Ross-shire bird of prey deaths: Local farmers say they ‘have nothing to hide’


Image courtesy of  Terry Pickford

A farmer whose property was raided by police investigating the deaths of red kites and buzzards has called for more resources to be directed at the investigation. Several of the dead birds were found in the vicinity of Ewan Macdonald’s land at Conon Bridge in Ross-shire. Mr Macdonald said he and the local farming community had nothing to hide. He called for an action group to be set up to investigate the killings.

The 14 red kites and six buzzards have were found in an area of about two square miles to the south east of Conon Bridge since 18 March. Toxicology tests have now shown 12 of the birds had been poisoned.

Mr Macdonald’s three farms, including his home, have been searched by police who found nothing incriminating  linking him to the deaths. Officers examined Mr Macdonald’s sheds, barns and even his bedroom.

He said the reputation of the local farming community, which has actively encouraged the reintroduction of red kites in the area, is being tarnished.

Dead red kite
Several of the dead birds had been tagged and ringed

And the prominent farmer called for the formation of an action group made up of landowners, the police and the RSPB to get to the bottom of the killings.

Speaking publicly for the first time, he said: “All of the farmers are very concerned about this because we are worried that our industry again gets its name blackened.

“Hopefully – and I am almost 100% certain – it has nothing to do with the farming industry and I would find it very shocking and very surprising if it was.

“As an industry we are desperate to get to the bottom of this and that is why I want us to get together and see if we can pool resources together.”

Mr Macdonald said the investigation should focus on establishing where the poison is, who had put it there and why it was killing so many birds of prey.

And he said he was puzzled as to why no other animals appeared to have been killed by the poison.

There could be an innocent explanation for the deaths, Mr Macdonald argued, such as a virus or somebody feeding meat to birds of prey which they do not realise had been contaminated.

A protest march over the deaths was held in Inverness last weekend

Pointing out that police have not revealed what poison was responsible for the deaths, he added: “If we knew the poison that would maybe give us some sort of idea what to look for.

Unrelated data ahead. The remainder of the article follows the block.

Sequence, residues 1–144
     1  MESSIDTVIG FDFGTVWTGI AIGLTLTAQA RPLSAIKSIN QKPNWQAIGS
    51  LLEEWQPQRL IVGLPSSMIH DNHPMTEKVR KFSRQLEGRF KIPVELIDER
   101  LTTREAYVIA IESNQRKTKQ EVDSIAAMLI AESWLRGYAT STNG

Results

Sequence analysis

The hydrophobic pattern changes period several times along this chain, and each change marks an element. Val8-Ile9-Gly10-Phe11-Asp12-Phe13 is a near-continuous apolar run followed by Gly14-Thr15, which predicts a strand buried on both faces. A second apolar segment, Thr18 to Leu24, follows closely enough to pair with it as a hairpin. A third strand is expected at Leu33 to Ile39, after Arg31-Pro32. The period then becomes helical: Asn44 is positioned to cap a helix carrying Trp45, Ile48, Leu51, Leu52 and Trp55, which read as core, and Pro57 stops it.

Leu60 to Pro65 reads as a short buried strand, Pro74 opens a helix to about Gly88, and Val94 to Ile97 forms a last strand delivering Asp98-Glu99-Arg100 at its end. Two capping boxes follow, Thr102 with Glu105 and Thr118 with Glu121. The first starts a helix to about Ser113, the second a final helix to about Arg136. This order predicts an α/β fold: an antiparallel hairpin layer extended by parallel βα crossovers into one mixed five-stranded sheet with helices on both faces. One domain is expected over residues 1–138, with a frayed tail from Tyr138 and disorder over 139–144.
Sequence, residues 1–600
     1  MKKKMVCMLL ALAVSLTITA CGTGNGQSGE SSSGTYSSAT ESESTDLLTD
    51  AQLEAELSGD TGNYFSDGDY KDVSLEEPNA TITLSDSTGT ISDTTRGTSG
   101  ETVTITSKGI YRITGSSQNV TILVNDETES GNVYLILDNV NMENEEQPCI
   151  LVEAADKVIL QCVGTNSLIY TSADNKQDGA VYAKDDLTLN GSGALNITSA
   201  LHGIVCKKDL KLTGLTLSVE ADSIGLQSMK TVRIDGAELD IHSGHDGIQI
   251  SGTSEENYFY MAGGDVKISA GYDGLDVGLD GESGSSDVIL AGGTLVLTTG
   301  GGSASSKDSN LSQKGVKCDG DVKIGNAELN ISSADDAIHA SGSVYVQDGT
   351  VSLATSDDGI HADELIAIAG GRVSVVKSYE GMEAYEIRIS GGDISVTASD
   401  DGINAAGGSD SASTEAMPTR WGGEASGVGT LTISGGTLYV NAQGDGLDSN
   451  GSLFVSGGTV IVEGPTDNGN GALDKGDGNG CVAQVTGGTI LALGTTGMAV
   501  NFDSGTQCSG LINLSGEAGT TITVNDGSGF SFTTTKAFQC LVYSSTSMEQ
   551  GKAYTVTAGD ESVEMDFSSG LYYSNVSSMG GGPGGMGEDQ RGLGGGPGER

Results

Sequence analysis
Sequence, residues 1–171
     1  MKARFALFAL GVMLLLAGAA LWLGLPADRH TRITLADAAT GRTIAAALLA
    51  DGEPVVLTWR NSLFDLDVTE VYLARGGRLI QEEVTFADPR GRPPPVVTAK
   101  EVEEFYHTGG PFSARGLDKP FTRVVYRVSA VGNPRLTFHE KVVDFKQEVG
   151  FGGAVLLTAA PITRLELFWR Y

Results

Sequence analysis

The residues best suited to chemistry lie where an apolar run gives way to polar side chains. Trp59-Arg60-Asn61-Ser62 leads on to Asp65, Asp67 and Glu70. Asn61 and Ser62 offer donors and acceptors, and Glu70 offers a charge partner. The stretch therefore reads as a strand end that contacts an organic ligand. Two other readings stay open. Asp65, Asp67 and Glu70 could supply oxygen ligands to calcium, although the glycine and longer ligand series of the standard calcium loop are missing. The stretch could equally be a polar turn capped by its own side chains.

“We have nothing to hide but I would like to get round a table with all of the organisations and see if we can put some sort of plan together to get the bottom of this”.

Describing how red kites were a common site over his land, he said: “They hover over the lambing field because they like picking up the remains of the afterbirth of lambs. They do no harm at all to the lambing field whatsoever.

“Our men love seeing them and we are very fond of them. It is only in the last 20 years that the population has built up quite dramatically. We are absolutely devastated by what has happened over the past two or three weeks”.

Police Scotland, RSPB Scotland, the Scottish SPCA and Scottish Natural Heritage have been involved in investigating the deaths.

A reward of £26,000 has been offered for information which leads to a conviction in the case.

Police have appealed for people to report any suspicious activity, with anyone who finds dead birds or animals in the area asked to note its location and inform police.

But under no circumstances should anyone touch or attempt to recover any dead animal or bird, officers have warned.

1 comment to Ross-shire bird of prey deaths: Local farmers say they ‘have nothing to hide’

  • Anthony

    Unanswered questions:
    1. No other birds reported poisoned. There are thousands of crows and seagulls in the same area. Red Kites are timid feeders. If poisoned bait was being thrown out there would be crows first, then the braver buzzards and finally the more timid kites. There are many buzzards in that area.
    2. Why are they not releasing the name of the poison? They do so quick enough in other instances.
    3. Why was it over two weeks before farms were searched?
    4. Why would the farmers who have their own dogs and let neighbours walk their dogs on their land have poison lying around in fields?
    5. Why do the local vets not know what poison it is so they could treat any pets if they picked it up?
    6. The high number of Kites suggests that something on the feeding station where they frequent was deliberately poisoned OR some contaminated meat was put there inadvertently. Has the meat source been checked as clean?
    Too many questions unanswered.

    Editor’s Comment. Anthony, your comment certainly does raise more questions than answers, What you are saying certainly makes a lot of sense, thank you. If you hear of anything new, please send in a second comment. Editor